'Maybe,' I thought, 'I didn't want the quick start guide. Maybe I wanted the Beginner's Guide.' So I read the 20-odd pages of that. But, while by the end of it I felt more-or-less abreast of the basic concepts at work, I still didn't have any kind of grasp of the finer mechanics of the thing. And, in fairness, the Beginner's Guide does suggest reading the manual. I'd sort of hoped that might be a reference document rather than a (virtual) cover-to-cover read, but OK. Except, there are 108 pages of it, and I kind of want to play the game by this point...

As all this is going on I'm just getting more and more lost. Because I'm ingesting what feels like reams and reams of information, but I don't feel like I'm any closer to actually playing the game. Occasionally I'll dip back into it to poke at things, but I'm just swimming in menus and numbers and military terminology I only recognise from Sharpe and, while the shape of the thing is starting to emerge, I don't feel like I'm getting any closer to a finer understanding of how to make it actually work.

“Though March of the Eagles should be a straightforward game to comprehend, there is a huge amount of information contained throughout every part of the interface,” the manual says. Well, it's 50% right. The problem is knowing what information you actually need to pay attention to. What's important and relevant, and what can be left in the background until you've grasped the more pressing stuff. Everything's ultra high-resolution and there's so much data it actually strips context from what you're doing, rather than adding to it.

In a lot of ways, it's just like living an information-saturated life in the year 2013.

The Grand Strategy genre is perhaps the most abstracted form of gaming. Everything is reduced down to points on a map and endless numbers. It's nothing but decision-making. And instead of being informed by the kind of context provided by 3D figures, those decisions are served by a much denser symbolic delivery system. It's quite a switch to make when you're used to punching things until they fall over. I can only shiver and guess at what it was like in the days before animated sprites to mark armies and ships.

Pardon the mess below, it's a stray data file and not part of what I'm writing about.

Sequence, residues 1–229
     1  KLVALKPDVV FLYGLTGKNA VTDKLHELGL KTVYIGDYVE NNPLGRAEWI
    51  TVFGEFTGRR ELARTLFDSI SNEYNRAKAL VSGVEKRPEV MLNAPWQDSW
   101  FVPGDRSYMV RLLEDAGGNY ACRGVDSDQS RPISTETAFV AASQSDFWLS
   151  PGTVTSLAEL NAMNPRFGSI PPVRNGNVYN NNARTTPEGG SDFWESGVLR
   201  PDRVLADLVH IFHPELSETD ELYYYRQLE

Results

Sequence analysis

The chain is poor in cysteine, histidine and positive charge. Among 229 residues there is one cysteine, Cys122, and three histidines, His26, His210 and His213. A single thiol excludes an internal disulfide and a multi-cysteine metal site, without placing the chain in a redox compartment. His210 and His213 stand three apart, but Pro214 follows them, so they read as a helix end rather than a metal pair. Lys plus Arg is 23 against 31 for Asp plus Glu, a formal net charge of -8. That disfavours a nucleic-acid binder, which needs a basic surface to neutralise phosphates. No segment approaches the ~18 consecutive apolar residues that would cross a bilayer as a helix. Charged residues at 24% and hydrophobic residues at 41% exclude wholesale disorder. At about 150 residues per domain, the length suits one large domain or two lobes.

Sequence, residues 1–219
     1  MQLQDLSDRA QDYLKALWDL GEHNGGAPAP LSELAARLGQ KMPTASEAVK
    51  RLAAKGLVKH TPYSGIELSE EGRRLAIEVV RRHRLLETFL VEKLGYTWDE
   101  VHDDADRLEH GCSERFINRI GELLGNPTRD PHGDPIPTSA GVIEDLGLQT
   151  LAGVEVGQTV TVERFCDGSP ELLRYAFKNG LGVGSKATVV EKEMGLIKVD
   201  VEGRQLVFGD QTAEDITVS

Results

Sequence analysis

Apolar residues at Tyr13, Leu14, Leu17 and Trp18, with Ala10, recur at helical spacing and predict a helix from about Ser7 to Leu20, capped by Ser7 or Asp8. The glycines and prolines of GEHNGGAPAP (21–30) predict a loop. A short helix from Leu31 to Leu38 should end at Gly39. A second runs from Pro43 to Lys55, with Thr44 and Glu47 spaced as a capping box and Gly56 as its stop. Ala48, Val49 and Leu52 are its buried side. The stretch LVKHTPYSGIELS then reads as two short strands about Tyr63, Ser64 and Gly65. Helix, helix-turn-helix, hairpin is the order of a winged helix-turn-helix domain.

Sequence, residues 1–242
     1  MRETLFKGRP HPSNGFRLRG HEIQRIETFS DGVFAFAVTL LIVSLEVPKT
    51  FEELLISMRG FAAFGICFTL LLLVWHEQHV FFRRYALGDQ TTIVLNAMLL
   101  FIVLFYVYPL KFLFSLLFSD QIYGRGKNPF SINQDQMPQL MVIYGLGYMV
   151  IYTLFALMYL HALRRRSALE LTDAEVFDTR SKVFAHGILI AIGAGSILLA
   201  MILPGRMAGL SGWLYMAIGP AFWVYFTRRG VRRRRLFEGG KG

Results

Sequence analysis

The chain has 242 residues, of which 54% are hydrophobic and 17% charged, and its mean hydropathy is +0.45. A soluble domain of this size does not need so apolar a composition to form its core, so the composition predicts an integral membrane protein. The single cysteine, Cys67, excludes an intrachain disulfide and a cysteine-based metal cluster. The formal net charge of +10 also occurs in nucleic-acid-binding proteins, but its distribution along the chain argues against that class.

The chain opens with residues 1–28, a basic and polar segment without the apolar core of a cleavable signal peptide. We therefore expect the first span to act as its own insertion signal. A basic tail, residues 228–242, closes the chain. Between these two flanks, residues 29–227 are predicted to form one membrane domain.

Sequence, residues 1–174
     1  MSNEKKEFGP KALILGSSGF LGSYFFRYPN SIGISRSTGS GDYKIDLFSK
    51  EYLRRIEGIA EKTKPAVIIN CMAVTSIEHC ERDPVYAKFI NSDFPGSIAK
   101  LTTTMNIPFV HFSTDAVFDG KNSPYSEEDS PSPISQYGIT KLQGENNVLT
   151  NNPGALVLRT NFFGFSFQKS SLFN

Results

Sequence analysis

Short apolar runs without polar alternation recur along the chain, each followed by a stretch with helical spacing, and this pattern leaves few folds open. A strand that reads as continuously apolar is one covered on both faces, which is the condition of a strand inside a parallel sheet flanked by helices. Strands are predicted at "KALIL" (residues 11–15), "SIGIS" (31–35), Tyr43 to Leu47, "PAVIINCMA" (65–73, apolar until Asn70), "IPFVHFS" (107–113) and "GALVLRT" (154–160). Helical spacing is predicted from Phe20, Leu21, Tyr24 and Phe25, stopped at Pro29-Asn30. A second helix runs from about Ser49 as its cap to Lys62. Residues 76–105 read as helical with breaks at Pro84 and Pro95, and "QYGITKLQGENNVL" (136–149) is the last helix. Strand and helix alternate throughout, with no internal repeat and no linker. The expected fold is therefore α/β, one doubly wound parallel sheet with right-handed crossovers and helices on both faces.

Honestly, learning to play March of the Eagles has felt more like learning a new job working with a tangled, obscure piece of administrative software than it has learning the sort of game I normally play. Hardcore strategy gamers make the rest of us look like apes walking round with our fingers up our arseholes.

But... I'm getting there. Just ahead of me, I'm getting whiffs of a deep, rich gaming (I'm sorry) experience that takes a hell of a lot more out of you than Call of Battlefield of Honour, but might just give you a whole lot more back, too.

Or maybe it will just leave me a desiccated husk of a man. I'm going to press on to find out, though.

Comments

Myles 27 Feb 2013 17:32
1/2
And to be fair, March of the Eagles, with it's relatively simplified diplomatic and economic options, barely qualifies as a grand strategy game compared to Europa Universals, Hearts of Iron, or Victoria 2.
magitsu 6 Mar 2013 00:51
2/2
Great emotion and humour. Good article.